“There’s tons of people who want to work with him who are way more capable than I am, so how do you even sell it? Do you bet him? Or bribe him? I might have to bribe him,” he jokes to Yahoo Celebrity.
But it turns out the two have met before.
“It was after the Grammys, the first year that I went because afterwards I went to a Justin Timberlake concert and he was there, so we shook hands and talked a little bit,” he recalls. “Probably the place I talked to him the most was after that, when he joined Taylor Swift on her Red tour. So we know each other and we are acquainted so we will see what happens. Still, there’s no pressure, Ed.”
While Sheeran collaborated with Taylor as she was developing more of a pop following, Hunter says he’s not necessarily looking to cross over.
“I’m absolutely country at heart, and that’s just me,” he says. “It’s not necessarily a choice kind of thing, but it is a home.”
Image Courtesy Warner Music NashvilleIn his latest single “Young & Crazy,” Frankie Ballard sings about “sit(ting) out on the porch, telling stories ‘bout my glory days.” So with back-to-back number ones with “Sunshine & Whiskey” and “Helluva Life,” does Frankie feel like he’s living his “glory days” now?
“I don’t feel like I’ve had ‘em, yet,” he says. “You know, I feel like I’m in the middle of ‘em now. I definitely have stories I could tell people, but your glory days are your prime, you know, when you’re just at your best when you feel like you can take over the world. That’s what I feel like now. So, I’d have to be way past the way I feel today before I could honestly speak to glory days.”
Ironically, Frankie says the pinnacle of his success thus far happened when he got to meet the artist who had his own hit called “Glory Days.”
“The most, like, high moment I’ve had in my music career was when we were on the Bob Seger tour, and we played Madison Square Garden, and Bob introduced me to Bruce Springsteen backstage,” he recalls. “To me, it’s like, if I keeled over after this meeting, that would be my highlight. Not only to get to meet Bruce Springsteen, but to be introduced to him by Seger at Madison Square Garden. It was like, ‘Where am I? What am I doing here?’ So, that’s probably my highlight so far.”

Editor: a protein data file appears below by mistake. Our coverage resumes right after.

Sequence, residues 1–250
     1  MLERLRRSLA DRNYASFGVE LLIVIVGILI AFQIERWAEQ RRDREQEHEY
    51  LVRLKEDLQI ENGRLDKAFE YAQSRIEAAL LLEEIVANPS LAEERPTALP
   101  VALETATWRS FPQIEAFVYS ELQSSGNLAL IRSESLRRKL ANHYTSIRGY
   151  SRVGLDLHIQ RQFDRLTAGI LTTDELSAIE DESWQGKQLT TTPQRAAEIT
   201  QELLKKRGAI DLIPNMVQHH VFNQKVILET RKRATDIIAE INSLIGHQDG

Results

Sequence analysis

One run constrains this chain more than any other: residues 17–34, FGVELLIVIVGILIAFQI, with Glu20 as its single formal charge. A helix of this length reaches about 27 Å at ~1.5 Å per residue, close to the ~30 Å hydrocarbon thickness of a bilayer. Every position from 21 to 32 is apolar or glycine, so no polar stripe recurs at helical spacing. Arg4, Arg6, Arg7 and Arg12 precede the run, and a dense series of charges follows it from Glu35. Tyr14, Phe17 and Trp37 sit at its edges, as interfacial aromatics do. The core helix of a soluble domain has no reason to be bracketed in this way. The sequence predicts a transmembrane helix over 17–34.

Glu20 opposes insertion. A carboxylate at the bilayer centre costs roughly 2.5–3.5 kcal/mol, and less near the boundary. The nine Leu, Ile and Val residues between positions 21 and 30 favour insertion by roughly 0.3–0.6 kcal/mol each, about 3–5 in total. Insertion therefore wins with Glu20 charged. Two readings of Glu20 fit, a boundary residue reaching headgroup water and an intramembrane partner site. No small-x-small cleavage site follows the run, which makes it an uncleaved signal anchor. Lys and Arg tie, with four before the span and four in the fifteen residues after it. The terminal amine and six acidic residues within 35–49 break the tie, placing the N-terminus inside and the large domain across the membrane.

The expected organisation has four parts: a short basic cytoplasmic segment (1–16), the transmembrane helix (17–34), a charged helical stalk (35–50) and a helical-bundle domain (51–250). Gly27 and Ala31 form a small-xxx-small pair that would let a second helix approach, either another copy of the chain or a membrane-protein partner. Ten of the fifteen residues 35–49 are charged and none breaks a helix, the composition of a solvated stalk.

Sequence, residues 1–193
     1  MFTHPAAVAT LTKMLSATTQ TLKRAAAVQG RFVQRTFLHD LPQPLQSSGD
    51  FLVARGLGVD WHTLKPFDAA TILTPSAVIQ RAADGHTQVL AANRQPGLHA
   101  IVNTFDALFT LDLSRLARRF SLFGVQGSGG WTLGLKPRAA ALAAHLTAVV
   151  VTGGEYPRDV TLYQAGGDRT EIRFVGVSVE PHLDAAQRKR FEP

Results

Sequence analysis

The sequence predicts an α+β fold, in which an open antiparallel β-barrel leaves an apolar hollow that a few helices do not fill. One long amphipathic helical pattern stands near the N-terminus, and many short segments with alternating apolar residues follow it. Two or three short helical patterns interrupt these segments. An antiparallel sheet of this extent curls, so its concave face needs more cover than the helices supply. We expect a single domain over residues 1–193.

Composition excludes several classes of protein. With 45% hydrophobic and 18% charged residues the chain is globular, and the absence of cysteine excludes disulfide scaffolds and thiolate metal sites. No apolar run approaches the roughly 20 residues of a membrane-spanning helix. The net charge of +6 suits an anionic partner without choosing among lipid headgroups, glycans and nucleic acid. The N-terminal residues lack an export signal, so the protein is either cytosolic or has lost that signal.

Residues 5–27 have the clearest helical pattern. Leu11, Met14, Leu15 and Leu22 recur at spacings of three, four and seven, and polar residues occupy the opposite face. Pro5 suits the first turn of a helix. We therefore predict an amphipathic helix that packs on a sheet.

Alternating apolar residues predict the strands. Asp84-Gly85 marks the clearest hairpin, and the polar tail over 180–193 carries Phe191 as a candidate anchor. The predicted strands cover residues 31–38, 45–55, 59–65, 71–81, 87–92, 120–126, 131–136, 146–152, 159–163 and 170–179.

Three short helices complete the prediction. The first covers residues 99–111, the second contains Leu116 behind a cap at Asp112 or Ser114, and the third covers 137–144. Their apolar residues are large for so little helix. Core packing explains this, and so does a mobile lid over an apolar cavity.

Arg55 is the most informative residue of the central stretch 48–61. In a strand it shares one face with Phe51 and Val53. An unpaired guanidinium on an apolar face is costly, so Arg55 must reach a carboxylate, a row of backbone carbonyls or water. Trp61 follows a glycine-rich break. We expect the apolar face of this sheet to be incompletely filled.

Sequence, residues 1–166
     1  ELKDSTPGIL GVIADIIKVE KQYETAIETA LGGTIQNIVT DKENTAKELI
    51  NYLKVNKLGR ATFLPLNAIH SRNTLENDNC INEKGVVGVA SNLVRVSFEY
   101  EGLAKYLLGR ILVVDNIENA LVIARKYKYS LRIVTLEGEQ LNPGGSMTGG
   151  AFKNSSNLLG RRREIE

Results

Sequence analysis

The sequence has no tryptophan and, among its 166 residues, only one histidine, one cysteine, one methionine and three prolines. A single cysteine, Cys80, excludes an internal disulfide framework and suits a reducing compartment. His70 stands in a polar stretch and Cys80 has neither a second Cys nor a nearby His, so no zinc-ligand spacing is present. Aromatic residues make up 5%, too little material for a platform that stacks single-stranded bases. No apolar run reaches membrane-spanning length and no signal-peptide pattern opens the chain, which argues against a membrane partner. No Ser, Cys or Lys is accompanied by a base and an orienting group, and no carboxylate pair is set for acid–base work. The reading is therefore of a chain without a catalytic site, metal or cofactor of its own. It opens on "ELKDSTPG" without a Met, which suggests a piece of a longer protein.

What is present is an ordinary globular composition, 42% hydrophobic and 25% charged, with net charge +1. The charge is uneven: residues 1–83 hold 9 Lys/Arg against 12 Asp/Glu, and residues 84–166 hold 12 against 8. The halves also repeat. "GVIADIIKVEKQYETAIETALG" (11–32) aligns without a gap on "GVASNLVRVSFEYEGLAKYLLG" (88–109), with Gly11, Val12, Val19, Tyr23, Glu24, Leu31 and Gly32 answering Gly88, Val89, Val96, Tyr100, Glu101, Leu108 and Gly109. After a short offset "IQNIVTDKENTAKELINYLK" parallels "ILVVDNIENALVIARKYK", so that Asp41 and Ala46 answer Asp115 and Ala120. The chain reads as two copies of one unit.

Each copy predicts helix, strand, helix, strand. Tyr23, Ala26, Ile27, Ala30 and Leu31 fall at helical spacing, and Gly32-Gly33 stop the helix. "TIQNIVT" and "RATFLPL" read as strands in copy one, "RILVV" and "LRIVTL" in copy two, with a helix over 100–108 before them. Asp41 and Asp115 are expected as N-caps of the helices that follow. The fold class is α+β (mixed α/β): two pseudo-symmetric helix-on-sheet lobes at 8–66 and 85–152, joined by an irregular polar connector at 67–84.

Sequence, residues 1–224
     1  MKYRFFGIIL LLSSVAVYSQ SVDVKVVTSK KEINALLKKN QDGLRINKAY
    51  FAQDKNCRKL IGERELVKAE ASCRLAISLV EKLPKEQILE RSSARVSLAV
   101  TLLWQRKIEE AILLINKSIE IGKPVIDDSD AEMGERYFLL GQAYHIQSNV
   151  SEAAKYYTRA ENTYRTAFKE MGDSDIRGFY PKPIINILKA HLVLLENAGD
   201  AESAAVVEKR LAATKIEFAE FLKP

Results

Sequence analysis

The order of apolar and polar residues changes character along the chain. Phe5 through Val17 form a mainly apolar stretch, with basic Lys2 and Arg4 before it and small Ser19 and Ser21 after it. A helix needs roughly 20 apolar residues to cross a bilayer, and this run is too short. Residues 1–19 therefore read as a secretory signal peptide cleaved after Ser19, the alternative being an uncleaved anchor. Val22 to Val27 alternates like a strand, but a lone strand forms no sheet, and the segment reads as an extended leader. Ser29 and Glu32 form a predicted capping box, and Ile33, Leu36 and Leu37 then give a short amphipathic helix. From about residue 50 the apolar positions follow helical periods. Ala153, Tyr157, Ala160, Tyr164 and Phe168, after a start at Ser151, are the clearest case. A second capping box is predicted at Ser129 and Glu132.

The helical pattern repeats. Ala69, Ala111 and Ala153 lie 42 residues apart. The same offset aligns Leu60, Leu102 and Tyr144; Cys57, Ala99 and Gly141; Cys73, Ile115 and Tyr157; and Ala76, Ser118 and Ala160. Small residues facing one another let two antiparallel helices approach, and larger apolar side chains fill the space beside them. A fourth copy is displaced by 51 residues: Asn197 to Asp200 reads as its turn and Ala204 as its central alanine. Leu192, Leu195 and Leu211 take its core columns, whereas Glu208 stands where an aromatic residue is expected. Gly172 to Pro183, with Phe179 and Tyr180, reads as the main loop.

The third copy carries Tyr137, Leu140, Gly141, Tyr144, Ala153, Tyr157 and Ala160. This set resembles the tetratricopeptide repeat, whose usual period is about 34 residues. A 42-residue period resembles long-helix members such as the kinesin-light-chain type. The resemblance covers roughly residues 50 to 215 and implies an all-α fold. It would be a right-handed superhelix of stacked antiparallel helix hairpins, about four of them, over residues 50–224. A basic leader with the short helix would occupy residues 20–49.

Warner Music NashvilleBlakeShelton visited NBC’s The Tonight Show Thursday to plug this weekend’s appearance on Saturday Night Live as host and musical guest. He also joined Tonight Show host Jimmy Fallon for a new game called “The Whisper Challenge.”
The premise of the game is one person wears headphones with loud music playing that prevents him from hearing the other person say a random phrase. The person wearing the headphones has to guess what the other one is saying by reading lips.
The 38-year-old singer didn’t do well at the game. When he donned headphones and Fallon said “Pumpkin Spice Latte,” Blake thought he said. “My pee pee’s stretched out.”
Blake also couldn’t figure out that Fallon was saying “Cobra Kai” — the name of the gang that continually tormented Ralph Macchio‘s character in The Karate Kid.
When Fallon wore the headphones, he was able to figure out the phrases Blake was saying.
Blake also revealed the two songs he’ll be performing during his SNL appearance: “Neon Light” and “Boys ‘Round Here.”
Image Courtesy Sony Music/Jeremy CowartCarrieUnderwood’s latest single, “Something in the Water,” has passed a milestone. This week, it spends a seventh week atop Billboard’s Hot Country Songs chart, giving her the longest run at #1 of her career, besting her debut single. Nine years ago this week, “Jesus, Take the Wheel” was midway through its six-week run on that same chart. But aside from her chart success, Carrie says she has first-hand knowledge of how her hits are affecting the fans.
“I guess they feel like they know me, especially those that have been with me for 10 years. They definitely have a tendency to write me letters or tell me things that are very, very personal. I think it’s really amazing that they can relate to my stuff in that way. It’s not gonna fix their problems. It’s not gonna make their lives magically any better, but it might make them feel better for a little bit. It’s pretty cool,” she reflects.
But Carrie is careful to make sure all her songs aren’t as deep as “Something in the Water” and “Jesus, Take the Wheel.”
“If I wrote and sang, like really heavy songs all the time, like, that would weigh heavily on my heart, you know, giving that every single night song after song after song. So, it’s important to have fun stuff in there, too, every once in a while that’s just for the sake of being fun,” she says.
“Something in the Water” is up for Best Country Solo Performance at this year’s Grammys.